A team of scientist from The Nature Conservancy (TNC) and the International Centre for Tropical Agriculture (CIAT) have published an article in the open journal Diversity titled “Land and Forest Degradation inside Protected Areas in Latin America”
Figure 1. 2004-2009 Proportion of protected areas with land and forest degradation by country
Using six years of remote sensing data (Terra-i outputs), the team estimated land and forest degradation inside 1788 protected areas across 19 countries in Latin America (Figure 1). From 2004–2009, the rate of land and forest degradation increased by 250% inside the protected areas, and the land and forest degradation totalled 1,097,618 hectares. Of the protected areas in the analysed dataset, 45% had land and forest degradation. There were relatively large variations by major habitat type, with flooded grasslands/savannas and moist broadleaf forest protected areas having the highest rates of degradation.
No association was found between a country’s rate of land and forest degradation inside protected areas and Gross Domestic Product (GDP) per capita, GDP growth, or rural population density. Significant, but weak, associations were found between the rate of land and forest degradation inside protected areas and a country’s protected area system funding, the size of the protected area, and one International Union for the Conservation of Nature (IUCN) management category. The results suggest a high degree of heterogeneity in the variables impacting land and forest degradation inside protected areas in Latin America, but that the targeting of protected area investments on a continental scale is plausible.
Read the full paper here: http://www.mdpi.com/1424-2818/5/4/779
The Alliance of Bioversity International and the International Center for Tropical Agriculture (CIAT) (the Alliance) conducted a training for local stakeholders on the use of Terra-i as part of the collaboration with the Netherlands Development Organisation – SNV in the Coffee Agroforestry and Forest Enhancement for REDD+ (CAFÉ-REDD) Project.
From May 8-12, 2017, the Terra-i team, together with staff from the DGOTA of Peru's Ministry of Environment, carried out the first field validation of vegetative land cover changes detected during Terra-i monitoring for 2016 and 2017, using the technology UAV. This work was carried out under the framework of the project “Sustainable Amazonian Landscapes”. The team carried out over-flights with a Phantom 3 advanced rotor drone and a fixed-wing Ebee drone in seven townships of Yurimaguas. The objective of this work was to recognize the dynamics of land cover and land use changes in the region while at the same time to validate the accuracy of the detections of forest loss being monitored by Terra-i in Yurimaguas.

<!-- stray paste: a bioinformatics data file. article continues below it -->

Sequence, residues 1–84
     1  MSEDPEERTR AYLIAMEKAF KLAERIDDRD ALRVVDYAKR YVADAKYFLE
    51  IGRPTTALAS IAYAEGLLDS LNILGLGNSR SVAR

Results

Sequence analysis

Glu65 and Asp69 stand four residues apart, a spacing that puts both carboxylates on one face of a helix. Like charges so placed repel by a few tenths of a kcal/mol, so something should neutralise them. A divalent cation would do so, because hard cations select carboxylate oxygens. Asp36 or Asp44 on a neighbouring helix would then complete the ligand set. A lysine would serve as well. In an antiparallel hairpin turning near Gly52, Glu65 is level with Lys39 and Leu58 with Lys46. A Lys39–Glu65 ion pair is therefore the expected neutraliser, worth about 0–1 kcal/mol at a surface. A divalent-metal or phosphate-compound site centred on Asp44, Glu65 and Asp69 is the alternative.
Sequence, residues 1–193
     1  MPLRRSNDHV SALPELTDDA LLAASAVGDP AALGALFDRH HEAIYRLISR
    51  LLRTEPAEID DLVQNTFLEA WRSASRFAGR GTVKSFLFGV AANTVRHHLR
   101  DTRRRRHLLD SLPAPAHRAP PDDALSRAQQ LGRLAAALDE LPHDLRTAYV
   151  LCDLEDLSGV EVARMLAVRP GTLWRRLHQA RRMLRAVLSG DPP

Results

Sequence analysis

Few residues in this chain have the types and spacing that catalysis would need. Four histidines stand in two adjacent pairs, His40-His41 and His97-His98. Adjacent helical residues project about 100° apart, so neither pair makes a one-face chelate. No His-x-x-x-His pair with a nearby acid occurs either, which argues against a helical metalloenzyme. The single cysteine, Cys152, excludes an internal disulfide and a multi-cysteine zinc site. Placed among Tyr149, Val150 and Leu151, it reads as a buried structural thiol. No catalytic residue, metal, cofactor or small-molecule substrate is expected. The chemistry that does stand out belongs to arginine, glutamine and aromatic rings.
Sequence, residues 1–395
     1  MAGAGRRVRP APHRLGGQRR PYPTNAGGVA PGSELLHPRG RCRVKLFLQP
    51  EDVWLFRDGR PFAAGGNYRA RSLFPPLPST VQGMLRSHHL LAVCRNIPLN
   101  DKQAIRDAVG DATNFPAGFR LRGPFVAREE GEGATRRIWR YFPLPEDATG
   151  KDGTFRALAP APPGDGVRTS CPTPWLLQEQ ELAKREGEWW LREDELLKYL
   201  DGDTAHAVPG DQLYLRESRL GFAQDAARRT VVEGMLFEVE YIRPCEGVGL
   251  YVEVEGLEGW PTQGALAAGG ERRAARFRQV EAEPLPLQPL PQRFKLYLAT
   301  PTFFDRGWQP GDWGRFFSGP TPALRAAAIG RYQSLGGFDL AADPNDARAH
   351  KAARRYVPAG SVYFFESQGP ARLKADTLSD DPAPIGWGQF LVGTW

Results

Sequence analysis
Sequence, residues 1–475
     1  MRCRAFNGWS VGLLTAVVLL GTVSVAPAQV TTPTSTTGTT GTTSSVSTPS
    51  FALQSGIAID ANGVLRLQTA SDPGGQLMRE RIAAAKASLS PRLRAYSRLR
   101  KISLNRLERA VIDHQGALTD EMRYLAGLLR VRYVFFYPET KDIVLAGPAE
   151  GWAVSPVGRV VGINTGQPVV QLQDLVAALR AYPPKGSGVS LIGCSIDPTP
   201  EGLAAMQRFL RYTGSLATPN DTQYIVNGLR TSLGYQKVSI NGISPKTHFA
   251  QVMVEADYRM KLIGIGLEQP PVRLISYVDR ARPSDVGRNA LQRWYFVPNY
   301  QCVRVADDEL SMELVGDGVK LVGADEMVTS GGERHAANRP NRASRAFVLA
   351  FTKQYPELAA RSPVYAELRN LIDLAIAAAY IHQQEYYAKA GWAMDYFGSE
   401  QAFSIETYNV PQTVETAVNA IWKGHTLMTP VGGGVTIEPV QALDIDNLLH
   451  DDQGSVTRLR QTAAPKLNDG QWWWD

The Terra-i team has worked hard on renovating Terra-i’s website since early this year. A set of new features on the website provides interactive contents and facilitates adaptation to the mobile devices of our users. The fresh website was developed using the latest update of an open-source, Java-based web system, Magnolia CMS 5.4.4. This update was customized to add different categories of interaction such as news, vegetation cover changes, and information, among others.
Globally more than 1 billion people depend on forests for their livelihoods. Forests play a crucial role in climate regulation, ecosystem services provision and regulation, water supply, carbon storage and many other functions that support biodiversity. Currently the global rate of deforestation is substantial, and there is a growing need for timely, spatially explicit data that flag natural vegetation changes due to human activities.
The latest update of Terra-i has been used with the Co$ting Nature ecosystem services assessment tool to understand the impacts of recent forest loss in Colombia on biodiversity and ecosystem services.
During the 1st and 12th of June 2015, the Terra-i team, together with the Instituto de Investigaciones de la Amazonía Peruana (IIAP) and the Universidad Nacional Agraria La Molina (VLIR-UNALM), conducted the second field validation of the data produced by the Terra-I system. This time, the study area was the Yurimaguas district, Alto Amazonas province, Loreto region (Peru). We used information on populated places, main roads, rivers and information on land cover changes detected for 2013, 2014 and 2015 to define the 65 sampling points (or Terra-I pixels) for the validation process (Figure 1).